Two Asian nations – Korea and Singapore — have managed to leapfrog multiple stages of economic development and have transformed into economic miracles. This comes as no accident, in part, because both have taken a planned approach to technological development, starting with national broadband plans, which has led to increased broadband adoption, and successive waves of economic growth.
A new report by the UN Broadband Commission and Cisco shows that Korea and Singapore are the most notable examples of a statistically significant trend — Countries that embrace national broadband plans have increased broadband adoption. The data show that the introduction of a broadband plan accounts for 2.5% higher fixed broadband penetration and 7.4% higher mobile broadband penetration. This is based on a thorough examination of broadband adoption data from 2001 through 2011.
For developing countries, 2.5% is nearly half of current fixed broadband penetration (6%). This is a significant impact and at the global level translates into over 175 million more broadband connections. In most cases, a single fixed connection serves multiple people, meaning more than half a billion more people onto broadband.
The report also demonstrates that a competitive market results in higher broadband penetration, with a particularly strong impact for mobile broadband. Competitive mobile broadband markets have 26.5% higher penetration on average.
Now why is this important? Because – as we know – higher broadband penetration drives economic growth and helps nation achieve social goals, such as improved education and health care outcomes.
In the Republic of Korea, for example, the Government instituted a series of IT master plans since the mid-1990s, and the nation has since become a world leader in the utilization and production of IT. Over the last two decades, its nominal GDP per capita has more than doubled from under $12,000 in 1995 to over $25,000 in 2013 and the country consistently ranks in the top ten countries in terms of average broadband speeds and adoption.
Similarly, in Singapore, the country has had national IT related plans in place since 1985 (starting with the National Computerisation Plan and most recently the iN2015). Over this period the country has significantly advanced its IT environment. In 1980 Singapore was still at an early stage in IT development as it had only 22.2 fixed lines per 100 people; substantially below other countries such as Australia (32.3 fixed lines per 100 people) and New Zealand (36.1 fixed line per 100 people). But today, Singapore stands atop several measures of IT and broadband adoption, such as the 2013 Networked Readiness Index where Singapore ranks 2nd worldwide out of 144 countries.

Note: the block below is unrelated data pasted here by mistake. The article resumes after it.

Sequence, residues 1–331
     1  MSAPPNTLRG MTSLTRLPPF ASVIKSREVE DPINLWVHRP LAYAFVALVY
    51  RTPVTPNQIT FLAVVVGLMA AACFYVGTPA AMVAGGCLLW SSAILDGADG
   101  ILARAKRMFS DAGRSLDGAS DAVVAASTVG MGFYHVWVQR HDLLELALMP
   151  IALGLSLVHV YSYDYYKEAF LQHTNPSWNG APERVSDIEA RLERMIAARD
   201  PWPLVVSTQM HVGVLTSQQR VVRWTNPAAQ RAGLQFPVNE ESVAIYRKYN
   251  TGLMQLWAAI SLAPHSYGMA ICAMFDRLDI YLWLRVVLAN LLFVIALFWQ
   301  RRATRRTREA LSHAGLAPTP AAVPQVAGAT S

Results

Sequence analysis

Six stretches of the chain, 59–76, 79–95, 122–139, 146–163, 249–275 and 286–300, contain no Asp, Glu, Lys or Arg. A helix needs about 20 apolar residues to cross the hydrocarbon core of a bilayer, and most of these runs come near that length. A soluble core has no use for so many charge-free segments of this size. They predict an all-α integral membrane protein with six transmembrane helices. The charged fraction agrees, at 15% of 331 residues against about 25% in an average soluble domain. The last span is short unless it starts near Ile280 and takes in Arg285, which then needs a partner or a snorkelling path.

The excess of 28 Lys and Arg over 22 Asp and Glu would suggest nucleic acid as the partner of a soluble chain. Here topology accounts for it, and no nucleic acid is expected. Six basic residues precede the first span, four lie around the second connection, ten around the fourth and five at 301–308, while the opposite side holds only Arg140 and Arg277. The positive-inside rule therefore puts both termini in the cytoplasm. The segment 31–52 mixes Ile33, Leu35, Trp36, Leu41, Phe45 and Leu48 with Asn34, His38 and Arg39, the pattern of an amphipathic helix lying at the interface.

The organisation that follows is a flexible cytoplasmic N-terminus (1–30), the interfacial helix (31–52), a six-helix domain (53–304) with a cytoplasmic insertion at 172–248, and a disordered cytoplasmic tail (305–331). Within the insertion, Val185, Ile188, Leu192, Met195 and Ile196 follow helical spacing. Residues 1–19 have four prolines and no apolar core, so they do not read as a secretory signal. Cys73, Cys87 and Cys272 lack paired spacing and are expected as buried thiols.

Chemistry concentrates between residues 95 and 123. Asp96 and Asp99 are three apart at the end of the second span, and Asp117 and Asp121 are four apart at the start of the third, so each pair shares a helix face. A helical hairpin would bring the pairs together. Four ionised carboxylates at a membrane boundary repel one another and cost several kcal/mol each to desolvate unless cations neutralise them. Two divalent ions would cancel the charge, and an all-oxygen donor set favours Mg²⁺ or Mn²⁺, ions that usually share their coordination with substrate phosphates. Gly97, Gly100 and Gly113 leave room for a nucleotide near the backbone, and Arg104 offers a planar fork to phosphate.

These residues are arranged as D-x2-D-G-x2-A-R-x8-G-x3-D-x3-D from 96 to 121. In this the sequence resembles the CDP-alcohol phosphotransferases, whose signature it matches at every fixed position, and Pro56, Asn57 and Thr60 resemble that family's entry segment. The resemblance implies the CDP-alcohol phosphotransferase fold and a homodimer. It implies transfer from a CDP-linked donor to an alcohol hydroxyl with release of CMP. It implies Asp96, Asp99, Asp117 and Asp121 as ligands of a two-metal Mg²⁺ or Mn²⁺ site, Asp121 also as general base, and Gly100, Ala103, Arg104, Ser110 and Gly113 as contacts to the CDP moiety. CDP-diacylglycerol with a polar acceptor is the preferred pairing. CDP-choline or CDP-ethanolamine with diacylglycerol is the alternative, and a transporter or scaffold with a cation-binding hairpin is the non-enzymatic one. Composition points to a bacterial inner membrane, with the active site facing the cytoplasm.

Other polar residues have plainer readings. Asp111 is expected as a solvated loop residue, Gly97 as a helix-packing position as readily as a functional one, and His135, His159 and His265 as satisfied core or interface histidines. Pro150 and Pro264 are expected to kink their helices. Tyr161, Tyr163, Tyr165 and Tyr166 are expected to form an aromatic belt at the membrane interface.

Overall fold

And Korea and Singapore are just two examples – the same trend holds true for Chile, Spain, Latvia, Lithuania, and several other countries, including many on the African continent.
In Nyangwete, a remote Kenyan village of 20,000 people, Community Knowledge Centers are giving citizens Internet access and, with it, connections to language and technology training, healthcare information, and other resources. Local farmers connect with Kenya Seed Company to buy sorghum seeds then sell back the crops. In 2010, the village’s income from agriculture increased by 34 million Kenyan shillings (almost US$400,000). Roughly 10 to 15 percent of the village population has branched out into new business after the influx of money in 2010. The number of women with personal businesses grew 20 to 30 percent since 2010, and the number of women receiving a secondary education has increased by roughly 20 percent since 2010.
Broadband deployment leads to more than economic opportunity; it can help create social progress and lead to healthier communities. In Kenya, Inveneo helped a nongovernmental organization called Organic Health Response (OHR) set up a 512kbps connection on Mfangano – an island in Lake Victoria with 26,000 inhabitants, dirt roads, and one of the highest HIV infection rates in the world. In exchange for having HIV tests every month, residents can access the Internet for free at an OHR training center. Once the broadband link was established word spread quickly across the island, and within a few hours all 10 computers at the center were in use. As a result, more citizens are connected to the world outside Mfangano and 2000 of them have enrolled in HIV/AIDS-related social services offered by OHR.
So for policymakers thinking about how to jumpstart their economies, there are 5 basic takeaways.
– Develop a national broadband plan to set a strategic vision for how information technology will drive your country’s knowledge economy;
– Get buy in from both public and private constituencies;
– Ensure the plan is balanced between the supply of high speed Internet and demand driving adoption;
– Implement rules and regulations that ensure a competitive broadband market;
– Finally, regularly monitor progress towards broadband targets and ensure implementation and follow through.
To develop a national broadband plan and drive broadband adoption, the report identifies various forms of plans, critical elements of success and builds on the framework of broadband policies we identified in April in the World Economic Forum’s Global Information Technology Report.
So the message to policymakers is clear: if you want to increase economic growth, focus on broadband. And to drive broadband, have an effective national broadband plan.
To read the report in full, please go to http://www.broadbandcommission.org/documents/reportNBP2013.pdf
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